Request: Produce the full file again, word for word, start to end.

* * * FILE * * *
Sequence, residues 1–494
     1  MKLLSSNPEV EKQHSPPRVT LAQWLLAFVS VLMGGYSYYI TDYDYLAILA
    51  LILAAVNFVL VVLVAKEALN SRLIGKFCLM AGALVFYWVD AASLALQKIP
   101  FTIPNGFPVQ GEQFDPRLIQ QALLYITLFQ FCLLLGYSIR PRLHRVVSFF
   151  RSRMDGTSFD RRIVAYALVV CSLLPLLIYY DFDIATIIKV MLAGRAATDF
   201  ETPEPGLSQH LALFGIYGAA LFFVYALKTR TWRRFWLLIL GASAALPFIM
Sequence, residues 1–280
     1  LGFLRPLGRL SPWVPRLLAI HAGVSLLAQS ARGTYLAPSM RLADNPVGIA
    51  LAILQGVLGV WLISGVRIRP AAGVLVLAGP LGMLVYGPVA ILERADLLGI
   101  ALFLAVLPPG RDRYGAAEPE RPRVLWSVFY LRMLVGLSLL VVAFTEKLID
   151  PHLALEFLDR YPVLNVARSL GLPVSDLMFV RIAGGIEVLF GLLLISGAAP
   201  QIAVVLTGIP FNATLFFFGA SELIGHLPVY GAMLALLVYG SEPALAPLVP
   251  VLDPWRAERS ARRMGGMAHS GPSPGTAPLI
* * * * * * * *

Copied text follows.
Sequence, residues 1–494
     1  MKLLSSNPEV EKQHSPPRVT LAQWLLAFVS VLMGGYSYYI TDYDYLAILA
    51  LILAAVNFVL VVLVAKEALN SRLIGKFCLM AGALVFYWVD AASLALQKIP
   101  FTIPNGFPVQ GEQFDPRLIQ QALLYITLFQ FCLLLGYSIR PRLHRVVSFF
   151  RSRMDGTSFD RRIVAYALVV CSLLPLLIYY DFDIATIIKV MLAGRAATDF
   201  ETPEPGLSQH LALFGIYGAA LFFVYALKTR TWRRFWLLIL GASAALPFIM
Sequence, residues 1–280
     1  LGFLRPLGRL SPWVPRLLAI HAGVSLLAQS ARGTYLAPSM RLADNPVGIA
    51  LAILQGVLGV WLISGVRIRP AAGVLVLAGP LGMLVYGPVA ILERADLLGI
   101  ALFLAVLPPG RDRYGAAEPE RPRVLWSVFY LRMLVGLSLL VVAFTEKLID
   151  PHLALEFLDR YPVLNVARSL GLPVSDLMFV RIAGGIEVLF GLLLISGAAP
   201  QIAVVLTGIP FNATLFFFGA SELIGHLPVY GAMLALLVYG SEPALAPLVP
   251  VLDPWRAERS ARRMGGMAHS GPSPGTAPLI